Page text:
This Day in College Football History – November 14th

Les Horvath (October 12, 1921 – November 14, 1995) was the 1944 Heisman Trophy winner, who played quarterback and halfback for the Ohio State University. He was born in South Bend, Indiana, and raised in the Cleveland, Ohio area.  Horvath graduated from James Ford Rhodes High School in Cleveland. Horvath played for the Buckeyes in 1940, 1941, 1942 and 1944. He had already graduated with a bachelor’s degree after the 1942 season, and moved on to graduate school. While studying dentistry in graduate school at The Ohio State University College of Dentistry, head coach Carroll Widdoes asked Horvath to come back to the team for the 1944 season because of the manpower shortage caused by World War II. The college football rules at the time permitted the fourth year of eligibility beyond graduation because of wartime.  After graduating from the dental school in 1945, Horvath joined the United States Navy as an Ensign, and he served in that role until he was discharged in July 1947. He played professional football for three seasons from 1947 to 1949 for the Los Angeles Rams and the Cleveland Browns. He then became a practicing dentist in the Los Angeles area of southern California.


Frank Loria (1947 – November 14, 1970) was a defensive back born in the town of Clarksburg, West Virginia in Harrison County and was a three sport athlete at Notre Dame Catholic High School.  He played college football for the Virginia Tech Hokies football team from 1965–1967, helping the Hokies to a berth in the 1966 Liberty Bowl. Loria was named consensus All-American in 1967. Loria joined the Marshall University coaching staff as the defensive backs coach. He died in the Southern Airlines Flight 932 airplane crash, that killed most of Marshall’s football team, on November 14, 1970.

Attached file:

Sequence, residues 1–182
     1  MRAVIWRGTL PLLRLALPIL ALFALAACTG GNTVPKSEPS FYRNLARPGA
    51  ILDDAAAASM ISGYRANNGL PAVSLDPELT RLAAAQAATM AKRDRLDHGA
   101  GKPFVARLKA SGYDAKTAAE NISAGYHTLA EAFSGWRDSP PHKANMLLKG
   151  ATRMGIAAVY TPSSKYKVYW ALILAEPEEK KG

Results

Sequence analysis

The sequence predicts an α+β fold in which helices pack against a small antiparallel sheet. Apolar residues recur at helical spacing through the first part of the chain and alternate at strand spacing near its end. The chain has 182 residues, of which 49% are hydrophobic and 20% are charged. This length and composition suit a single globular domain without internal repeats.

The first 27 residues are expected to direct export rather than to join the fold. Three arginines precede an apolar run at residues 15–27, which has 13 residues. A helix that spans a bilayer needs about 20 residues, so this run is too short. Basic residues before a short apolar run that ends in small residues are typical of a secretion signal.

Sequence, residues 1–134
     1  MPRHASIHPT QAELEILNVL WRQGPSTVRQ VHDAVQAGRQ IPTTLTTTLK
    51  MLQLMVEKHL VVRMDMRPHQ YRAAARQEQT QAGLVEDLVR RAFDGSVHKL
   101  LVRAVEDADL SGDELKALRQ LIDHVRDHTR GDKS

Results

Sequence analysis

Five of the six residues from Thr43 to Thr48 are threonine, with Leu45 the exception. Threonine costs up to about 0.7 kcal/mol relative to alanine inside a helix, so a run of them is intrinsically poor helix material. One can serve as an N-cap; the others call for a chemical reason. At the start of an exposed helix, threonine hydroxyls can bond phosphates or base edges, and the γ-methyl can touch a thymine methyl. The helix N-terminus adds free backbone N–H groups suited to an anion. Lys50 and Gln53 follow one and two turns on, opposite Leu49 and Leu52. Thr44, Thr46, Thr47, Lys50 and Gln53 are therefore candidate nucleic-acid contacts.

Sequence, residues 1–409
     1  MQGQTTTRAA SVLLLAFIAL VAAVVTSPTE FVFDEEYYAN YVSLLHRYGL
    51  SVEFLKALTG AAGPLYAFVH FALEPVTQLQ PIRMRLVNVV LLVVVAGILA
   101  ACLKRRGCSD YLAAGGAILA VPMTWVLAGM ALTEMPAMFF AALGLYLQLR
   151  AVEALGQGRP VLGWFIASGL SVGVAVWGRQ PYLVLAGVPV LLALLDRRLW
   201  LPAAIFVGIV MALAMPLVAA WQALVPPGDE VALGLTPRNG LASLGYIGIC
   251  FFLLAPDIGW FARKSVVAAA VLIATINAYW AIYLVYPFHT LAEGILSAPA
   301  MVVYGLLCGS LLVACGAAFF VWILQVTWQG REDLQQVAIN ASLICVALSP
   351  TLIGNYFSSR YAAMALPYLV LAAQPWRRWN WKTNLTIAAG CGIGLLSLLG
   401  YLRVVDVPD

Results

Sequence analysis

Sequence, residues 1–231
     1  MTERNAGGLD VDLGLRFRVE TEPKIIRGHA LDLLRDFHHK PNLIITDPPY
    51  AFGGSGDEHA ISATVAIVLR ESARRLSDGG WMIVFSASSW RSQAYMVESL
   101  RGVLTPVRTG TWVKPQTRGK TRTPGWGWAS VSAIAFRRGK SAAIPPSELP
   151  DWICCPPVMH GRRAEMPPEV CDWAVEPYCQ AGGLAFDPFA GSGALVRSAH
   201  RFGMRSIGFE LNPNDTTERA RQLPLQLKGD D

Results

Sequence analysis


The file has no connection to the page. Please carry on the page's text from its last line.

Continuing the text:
Loria played safety in the same defensive backfield with Frank Beamer, the current coach at Virginia Tech. It is indicative of Loria’s stature, as well as Beamer’s humility, that when Frank Beamer was once asked if he ever thought about “what if” that plane had not crashed, that he replied to the effect that he thought it was quite possible that Loria might be the coach at Tech, and that he himself might be an assistant.

His number, #10, is one of only four numbers retired by Virginia Tech. Loria was inducted into the College Football Hall of Fame on December 7, 1999, along with the man he played for, former Virginia Tech Coach the late Jerry Claiborne. The local Clarksburg Columbian Club honors his memory every year by hosting the Frank Loria Dinner, where the first team All Harrison County football players attend. The Loria award is given to the most outstanding high school football player in the county. Notable guest speakers at the dinner have been Frank Beamer, former Marshall coach Red Dawson, WVU football coach Bill Stewart, and WVU basketball coach Bob Huggins. In 1984, Loria was inducted into the Virginia Sports Hall of Fame.


Marshall University on Nov. 14, 1970, plane crash

Southern Airways Flight 932 was a chartered Southern Airways Douglas DC-9 domestic United States commercial jet flight from Stallings Field (ISO) in Kinston, North Carolina, to Huntington Tri-State Airport/Milton J. Ferguson Field (HTS) in Ceredo, West Virginia. At 7:36 pm on November 14, 1970, the aircraft crashed into a hill just short of the Tri-State Airport, killing all 75 people on board.  The plane was carrying 37 members of the Marshall University Thundering Herd football team, eight members of the coaching staff, 25 boosters, and 5 flight crew members. The team was returning home after a 17–14 loss to the East Carolina Pirates at Ficklen Stadium in Greenville, North Carolina. At the time, Marshall’s athletic teams rarely traveled by plane, since most away games were within easy driving distance of the campus. The team originally planned to cancel the flight, but changed plans and chartered the Southern Airways DC-9.  The accident is the deadliest sports related tragedy in U.S. history.


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